by Rabbi Ron Stern
Each fall I spend a semester teaching a new group of rabbinical students beginning their studies at Hebrew Union College in Los Angeles. It’s both a reminder of my own early, less experienced years as well as inspirational and refreshing to hear them struggle to find meaning in the Jewish tradition, assimilate ancient ideas with millennial sensibilities, and convey their insights to their congregants at their internships.
One of my students, Paige, integrated the core High Holy idea of teshuvah (personal change and growth) with a web site that pitches ten essential questions to subscribers. Once answered, the questions are “locked” from review for a year after which they are released to the individual. The idea is to see how one’s attitudes might have shifted over that time. In Paige’s estimation, answering ten questions pitched by www.doyou10Q.com creates the kind of introspective, longitudinal self-examination that reflects core principals of the Holy Days. I’m with her on that and I want to take it to another level that won’t involve subscribing to more email to clutter your inbox.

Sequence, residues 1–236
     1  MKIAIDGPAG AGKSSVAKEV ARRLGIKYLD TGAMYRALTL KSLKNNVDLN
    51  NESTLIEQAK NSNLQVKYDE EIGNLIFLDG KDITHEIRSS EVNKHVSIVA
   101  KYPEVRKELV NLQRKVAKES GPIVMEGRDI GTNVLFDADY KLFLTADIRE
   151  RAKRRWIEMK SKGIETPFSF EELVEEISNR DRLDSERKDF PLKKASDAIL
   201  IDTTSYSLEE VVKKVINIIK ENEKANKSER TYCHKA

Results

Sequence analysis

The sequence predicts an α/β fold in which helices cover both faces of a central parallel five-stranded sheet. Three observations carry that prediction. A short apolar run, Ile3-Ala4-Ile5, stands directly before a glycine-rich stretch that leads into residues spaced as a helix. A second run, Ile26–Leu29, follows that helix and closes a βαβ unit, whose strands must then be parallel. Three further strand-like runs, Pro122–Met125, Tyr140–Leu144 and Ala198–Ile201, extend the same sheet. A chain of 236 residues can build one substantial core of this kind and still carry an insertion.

Here’s my spin on DoYou10Q.com: What questions would you pitch to yourself? There are ten days from Rosh Hashanah to Yom Kippur. Ten questions for 10 days. What do you need to ask of yourself so that this year might be better than last? If you begin your questions with phrases like: “How might I…” or “How can I…” or “What would make me…” or “What do I need to do in order to….” As you’re sitting in temple or at home, driving in your car or working out, or doing whatever you do when you have time to think; compose your questions. Write them down, enter them in your phone, preserve them, and then start to answer them. Can’t do ten? Do what you can. Then, over the course of the next year, revisit them, expand your answers, and check yourself against your actual ambitions. I hope that you’ll find your answers motivating and hopefully achievable.
Judaism doesn’t demand perfection, but it does require perseverance. Forgive yourself when you fall short, goad yourself when you know you can do better. I’m hoping that this exercise will help make 5779 a good year for you and those you love. Shanah Tovah!